We flew into Shenzhen, China, with Huawei Philippines to immerse ourselves in the smart cashless community they have built. This is just one of the many experiences Huawei prepared for us until September 20 before we fly to Japan for Tokyo Game Show.
Shenzhen is a big industrial city. From a population of 30,000 in 1980 to almost 11M in 2016, Shenzhen rose up to be one of the fastest-growing cities in the world and home to the world’s high-tech companies such as OPPO, ZTE, BYD and Huawei.
As a technology hub of Asia, Shenzhen’s smart and high-tech ecosystem prepped up its society to be ready for similarly high-tech economic system.
2 ice creams; 2 stories
Using Tencent’s WeChat Pay on our Huawei P10, I was able to buy an ice cream from a local vendor and another ice cream chain, Haagen Daz.
The process is rather simple: scan the vendor’s QR code and send the money. Overall, it only took 3 taps before I got into the paywall of WeChat to finalize my transaction.
During my first attempt, it was obvious that I was a plain noob to the process. When I bought the ¥3-yuan from Ju Wei’s store – it’s like a mini sari-sari store near our hotel – I was struggling to find the right buttons to get through with my transaction. Wei and his customer, being familiar with the process, helped me through to send the payment.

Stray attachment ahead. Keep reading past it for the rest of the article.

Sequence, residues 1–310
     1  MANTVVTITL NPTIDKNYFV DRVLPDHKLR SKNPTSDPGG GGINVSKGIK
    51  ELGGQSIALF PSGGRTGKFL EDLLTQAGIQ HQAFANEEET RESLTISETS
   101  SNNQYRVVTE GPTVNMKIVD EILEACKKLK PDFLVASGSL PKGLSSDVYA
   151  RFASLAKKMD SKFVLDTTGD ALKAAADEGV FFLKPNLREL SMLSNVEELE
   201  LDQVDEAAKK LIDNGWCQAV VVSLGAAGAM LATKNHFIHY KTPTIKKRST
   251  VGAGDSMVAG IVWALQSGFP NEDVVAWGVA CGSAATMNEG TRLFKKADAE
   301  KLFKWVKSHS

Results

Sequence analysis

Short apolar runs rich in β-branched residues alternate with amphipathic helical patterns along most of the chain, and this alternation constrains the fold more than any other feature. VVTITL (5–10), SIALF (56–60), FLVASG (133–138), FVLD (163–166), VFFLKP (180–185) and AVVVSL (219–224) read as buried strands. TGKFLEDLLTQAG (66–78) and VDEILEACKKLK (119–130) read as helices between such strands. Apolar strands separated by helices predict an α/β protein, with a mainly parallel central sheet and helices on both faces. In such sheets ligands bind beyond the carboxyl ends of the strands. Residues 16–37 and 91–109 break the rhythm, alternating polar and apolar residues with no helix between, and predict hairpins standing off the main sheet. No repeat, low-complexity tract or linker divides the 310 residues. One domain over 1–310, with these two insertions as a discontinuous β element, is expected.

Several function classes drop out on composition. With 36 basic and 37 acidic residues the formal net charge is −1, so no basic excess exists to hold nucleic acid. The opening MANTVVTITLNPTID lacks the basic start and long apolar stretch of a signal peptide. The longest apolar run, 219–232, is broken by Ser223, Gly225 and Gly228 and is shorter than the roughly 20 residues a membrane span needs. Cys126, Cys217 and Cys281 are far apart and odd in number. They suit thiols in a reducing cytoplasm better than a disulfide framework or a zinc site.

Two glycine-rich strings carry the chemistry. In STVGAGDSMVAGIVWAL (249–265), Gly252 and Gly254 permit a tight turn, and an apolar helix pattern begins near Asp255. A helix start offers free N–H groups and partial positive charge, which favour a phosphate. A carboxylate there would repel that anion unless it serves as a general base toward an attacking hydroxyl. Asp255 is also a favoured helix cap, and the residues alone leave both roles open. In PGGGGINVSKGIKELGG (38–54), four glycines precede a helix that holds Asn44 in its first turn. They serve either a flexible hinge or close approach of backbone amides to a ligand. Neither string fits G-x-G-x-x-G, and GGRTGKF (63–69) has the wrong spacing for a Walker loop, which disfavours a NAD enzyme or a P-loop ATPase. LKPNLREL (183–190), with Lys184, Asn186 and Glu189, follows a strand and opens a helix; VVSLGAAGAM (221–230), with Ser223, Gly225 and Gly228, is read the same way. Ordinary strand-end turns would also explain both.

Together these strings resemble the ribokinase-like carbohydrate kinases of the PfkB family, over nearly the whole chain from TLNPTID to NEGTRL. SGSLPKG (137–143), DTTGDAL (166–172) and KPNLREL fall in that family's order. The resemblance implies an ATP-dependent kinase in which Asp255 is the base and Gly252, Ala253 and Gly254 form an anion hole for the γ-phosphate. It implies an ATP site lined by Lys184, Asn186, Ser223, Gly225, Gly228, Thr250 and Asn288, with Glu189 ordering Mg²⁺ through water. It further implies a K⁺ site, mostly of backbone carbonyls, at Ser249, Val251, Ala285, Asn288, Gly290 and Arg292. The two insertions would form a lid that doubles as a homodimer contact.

When I bought a scoop of Haagen Daz, I asked Kevin of Gadget Match to buy one for me. Eventually, I paid him back by simply scanning his QR code and sending the money from my WeChat wallet to his.
Transactions we made weren’t exactly complicated, and embracing this whole ecosystem of having slimmer pockets but thicker WeChat Wallet wasn’t difficult either.
Is the Philippines ready?
Yes and no.
Having a cashless transaction ecosystem in the Philippines with high adaptability among industries and consumers is doable albeit in a very slow pace. First, the financial backbone of the Philippines is not yet fully ready; second, there are only a few industries and businesses in our country who are open to a cashless transaction ecosystem.
Fortunately, there are several organizations like PayMaya and Coins.ph who are trying to get in the space, albeit having a slow adaptability and readiness of its intended consumers. While the solution to this isn’t exactly a moonshot, it takes a lot of effort from various enablers and users of this system to push it. I, for one, am definitely excited for things to unfold in the Philippibes; but for now, let me savor this moment as I buy my next cup of coffee at Starbucks here at Shenzhen.